Galata Tower

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Galata Tower
Galata Kulesi
Istanbul asv2020-02 img48 Galata Tower.jpg
Galata Tower (January 2021)
Former namesTurris Sancte Crucis (Holy Cross Tower)
General information
Type
LocationIstanbul, Turkey
Coordinates41°1′32.36″N 28°58′26.96″E / 41.0256556°N 28.9741556°E / 41.0256556; 28.9741556
Completed1348
Renovated
  • 1453
  • 1510
  • 1794
  • 1832
  • 1875
  • 1965-1967
  • 1999-2000
  • 2020
OwnerDirectorate General of Foundations
ManagementOfficial website
Height
Architectural62.59 m (205 ft)
Top floor40.04 m (131 ft)
Dimensions
DiameterInterior: 8.95 m (29.4 ft)
Exterior: 16.45 m (54.0 ft)
Technical details
Structural systemMasonry
MaterialStone
Floor count11 (including the basement, the ground floor and the mezzanine)
Lifts/elevators2
Grounds208 m2 (2,240 sq ft)

The Galata Tower (Turkish: Galata Kulesi), officially the Galata Kulesi Museum (Turkish: Galata Kulesi Müzesi), is an old Genoese tower in the Galata part of the Beyoğlu district of Istanbul, Turkey. Built as a watchtower at the highest point of the (lost) Walls of Galata,[1] the tower is now an exhibition space and museum, and a symbol of Beyoğlu and Istanbul.

History[edit]

During the Byzantine period the Emperor Justinian had a tower erected in what was to become Galata. This tower was destroyed during the Fourth Crusade in 1204.

In 1267 a Genoese colony was established in the Galata part of Constantinople. It was surrounded by walls and the Galata Tower was first built at their highest point as the Christea Turris (Tower of Christ) in Romanesque style[2][3] in 1348 during an expansion of the colony. At the time the Galata Tower, at 219.5 ft (66.9 m), was the tallest building in the city.[4]

After the Turkish Conquest of Constantinople in 1453, the Genoese colony was abolished and the walls pulled down. The tower was allowed to survive and was turned into a prison. It was from its roof that, in 1638, Hezarfen Ahmed Çelebi supposedly strapped on wings and made the first intercontinental flight, landing in the Doğancılar Meydanı in Üsküdar on the Asian side of the city, a story of doubtful authenticity recounted by the Ottoman travel writer, Evliya Çelebi.

From 1717, the Ottomans used the tower to look out for fires (on the Old Istanbul side of the city the Beyazıt Tower served the same function). In 1794, during the reign of Sultan Selim III, the roof was reinforced in lead and wood, but the stairs were severely damaged by a fire. Another fire damaged the building in 1831, after which further restoration work took place.

In 1875, the tower's conical roof was destroyed during a storm.[5][6] It remained without this roof for the rest of the Ottoman period but, many years later, during restoration work between 1965 and 1967, the conical roof was reconstructed.[5][6] At the same time the tower's wooden interior was replaced with a concrete structure and it was opened to the public.[citation needed][7]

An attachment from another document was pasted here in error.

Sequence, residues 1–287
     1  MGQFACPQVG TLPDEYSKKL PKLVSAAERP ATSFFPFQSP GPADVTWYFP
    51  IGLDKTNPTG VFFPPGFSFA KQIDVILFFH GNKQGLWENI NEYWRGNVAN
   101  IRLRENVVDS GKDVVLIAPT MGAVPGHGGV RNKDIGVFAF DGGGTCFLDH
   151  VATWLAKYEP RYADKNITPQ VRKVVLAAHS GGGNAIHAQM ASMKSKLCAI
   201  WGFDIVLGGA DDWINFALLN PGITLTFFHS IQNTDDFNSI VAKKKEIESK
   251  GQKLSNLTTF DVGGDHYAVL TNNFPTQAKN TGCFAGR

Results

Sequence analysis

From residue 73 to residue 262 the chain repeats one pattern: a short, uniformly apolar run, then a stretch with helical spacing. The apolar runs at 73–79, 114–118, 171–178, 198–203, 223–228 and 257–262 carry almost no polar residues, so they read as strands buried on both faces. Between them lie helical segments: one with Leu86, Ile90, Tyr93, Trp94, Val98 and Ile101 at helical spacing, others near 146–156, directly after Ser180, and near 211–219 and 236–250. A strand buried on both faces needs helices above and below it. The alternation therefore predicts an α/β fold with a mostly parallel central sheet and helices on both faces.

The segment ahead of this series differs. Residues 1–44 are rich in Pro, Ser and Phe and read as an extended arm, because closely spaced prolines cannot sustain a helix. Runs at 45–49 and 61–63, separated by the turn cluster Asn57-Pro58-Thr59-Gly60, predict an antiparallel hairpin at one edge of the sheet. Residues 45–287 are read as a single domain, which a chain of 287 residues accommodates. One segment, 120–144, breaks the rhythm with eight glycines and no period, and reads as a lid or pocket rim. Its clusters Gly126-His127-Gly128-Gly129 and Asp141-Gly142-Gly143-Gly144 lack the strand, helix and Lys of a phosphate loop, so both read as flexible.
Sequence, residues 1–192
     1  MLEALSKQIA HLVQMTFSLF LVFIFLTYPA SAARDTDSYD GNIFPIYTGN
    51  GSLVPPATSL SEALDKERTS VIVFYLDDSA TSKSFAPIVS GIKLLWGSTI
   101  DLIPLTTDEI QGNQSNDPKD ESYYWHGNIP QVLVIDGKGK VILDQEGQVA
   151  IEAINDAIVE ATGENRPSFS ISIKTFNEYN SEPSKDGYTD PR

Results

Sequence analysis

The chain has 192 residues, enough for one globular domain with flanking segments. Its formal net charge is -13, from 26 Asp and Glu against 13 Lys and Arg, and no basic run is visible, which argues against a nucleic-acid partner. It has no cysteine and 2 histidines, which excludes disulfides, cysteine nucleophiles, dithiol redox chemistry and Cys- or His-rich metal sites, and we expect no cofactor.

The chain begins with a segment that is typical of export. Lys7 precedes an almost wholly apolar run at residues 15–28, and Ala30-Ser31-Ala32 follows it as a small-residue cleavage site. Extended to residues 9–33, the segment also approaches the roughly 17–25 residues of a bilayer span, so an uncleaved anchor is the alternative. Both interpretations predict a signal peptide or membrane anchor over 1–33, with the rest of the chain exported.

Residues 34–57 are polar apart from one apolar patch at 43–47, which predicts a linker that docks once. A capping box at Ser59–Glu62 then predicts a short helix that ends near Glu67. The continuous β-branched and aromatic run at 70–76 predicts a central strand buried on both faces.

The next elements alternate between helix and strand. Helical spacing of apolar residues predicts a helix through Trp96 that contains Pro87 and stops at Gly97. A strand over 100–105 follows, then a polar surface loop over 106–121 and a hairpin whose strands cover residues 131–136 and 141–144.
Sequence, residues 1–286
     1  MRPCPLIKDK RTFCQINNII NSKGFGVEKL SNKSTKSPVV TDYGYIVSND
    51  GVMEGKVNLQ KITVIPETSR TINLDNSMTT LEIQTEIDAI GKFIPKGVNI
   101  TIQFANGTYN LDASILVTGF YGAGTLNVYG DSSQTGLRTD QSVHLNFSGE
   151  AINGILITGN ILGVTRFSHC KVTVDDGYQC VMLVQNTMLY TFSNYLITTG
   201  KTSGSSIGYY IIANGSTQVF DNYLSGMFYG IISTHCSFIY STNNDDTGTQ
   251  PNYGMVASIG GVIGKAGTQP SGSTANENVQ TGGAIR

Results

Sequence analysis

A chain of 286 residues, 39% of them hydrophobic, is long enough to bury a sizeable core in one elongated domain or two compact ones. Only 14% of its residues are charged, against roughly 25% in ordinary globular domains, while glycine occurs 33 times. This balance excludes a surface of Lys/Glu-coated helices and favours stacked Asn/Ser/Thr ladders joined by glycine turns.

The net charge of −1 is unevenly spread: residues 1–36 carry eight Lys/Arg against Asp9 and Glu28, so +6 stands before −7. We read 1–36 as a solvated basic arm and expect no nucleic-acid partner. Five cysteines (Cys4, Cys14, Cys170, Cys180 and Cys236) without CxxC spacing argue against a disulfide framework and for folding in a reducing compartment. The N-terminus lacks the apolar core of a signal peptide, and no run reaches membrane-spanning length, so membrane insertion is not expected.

In 2020 the Tower was controversially restored then reopened as a museum. [8]

It is mainly popular for the 360-degree view of Istanbul visible from its observation deck.

Panoramic view from the observation deck of the Galata Tower during the late Ottoman period
View of the Golden Horn and the Seraglio Point (Sarayburnu) from Galata Tower

Dimensions[edit]

The nine-story tower is 62.59 m (205.3 ft) excluding the ornament on the top. The observation deck is at 51.65 m (169.5 ft). The tower is 61 m (200 ft) above sea-level. It has an external diameter of 16.45 m (54.0 ft) at the base, an inside diameter of 8.95 m (29.4 ft), and walls that are 3.75 m (12.3 ft) thick.

Gallery[edit]

See also[edit]

References[edit]

  1. ^ "Galata Tower and the Walls of Galata". Retrieved 22 August 2022.
  2. ^ "Galata Kulesi hikayesi" (in Turkish). Hürriyet. Retrieved 8 March 2022.
  3. ^ "MİMARİ'DE TARZ ve ÜSLUP ÖRNEKLEMELERİ" (in Turkish). İREN ELÇİSOY ARCHITECTURE. Retrieved 8 March 2022.
  4. ^ Katie Hallam (2009). The Traveler's Atlas: Europe. London: Barron's Educational Series.(2009), p. 118-119.
  5. ^ a b "Time Out Istanbul: "Galata Kulesi'nin eski fotoğraflarda neden farklı göründüğünü merak ettiniz mi?"". Archived from the original on 11 February 2014. Retrieved 8 June 2014.
  6. ^ a b Galatakulesi.org: "Galata Kulesi: Kısa Tarihçe" Archived 2014-07-15 at the Wayback Machine
  7. ^ https://turkishmuseums.com/museum/detail/22341-istanbul-galata-tower-museum/22341/4. {{cite web}}: Missing or empty |title= (help)
  8. ^ "Istanbul’s iconic tower reopens after restoration", Hurriyet Daily News, 7 October 2020. (Retrieved 27 November 2022.)

Further reading[edit]

  • Arseven, Celal Esat (1989). Eski Galata ve Binaları (in Turkish) (with new letters ed.). Istanbul: Çelik Gülersoy Vakfı İstanbul Kütüphanesi Yayınları. ISBN 9757512044.
  • Bilginer, Recep (April 1959). "Galata Kulesi". İETT Dergisi (in Turkish). No. 31. pp. 26–27.
  • Demiröz, Yasin; Acarkan, Bora (2016). Tarihi yapılarda dış cephe aydınlatması ve Galata Kulesi uygulaması (PDF). Elektrik, Elektronik ve Biyomedikal Mühendisliği Konferansı (in Turkish). Bursa. pp. 110–114.
  • Gündüz, Doğan (June 2004). "Galata Kulesi'ndeki saatleri ayarlama küresi". Toplumsal Tarih (in Turkish). No. 126.
  • Erkins, Ziya (1970). Galata Kulesi (in Turkish). Istanbul: Yörük Matbaası.
  • Galata Kulesi ve Çevresi Bölge Düzenleme Projesi (in Turkish). Istanbul: Beyoğlu Belediye Başkanlığı Yayınları. 1988.
  • "Artık bizim de bir Eiffel'imiz var: Galata Kulesi". Hayat (in Turkish). No. 27. 26 June 1969. pp. 16–17.
  • "Fener... Zindan... Yangın kulesi... Şimdi de turistik tesis: Galata Kulesi". Hayat (in Turkish). No. 39. 23 September 1965. pp. 16–17.
  • Arifoğlu, Nergiz (19 March 2018). "Galata Kulesi'nin aydınlatma tasarımı süreçleri" (in Turkish). Kaynak Elektrik. Archived from the original on 24 March 2018.
  • The Apes Of Galata - NFT Projesi (23 Nisan 2022)

External links[edit]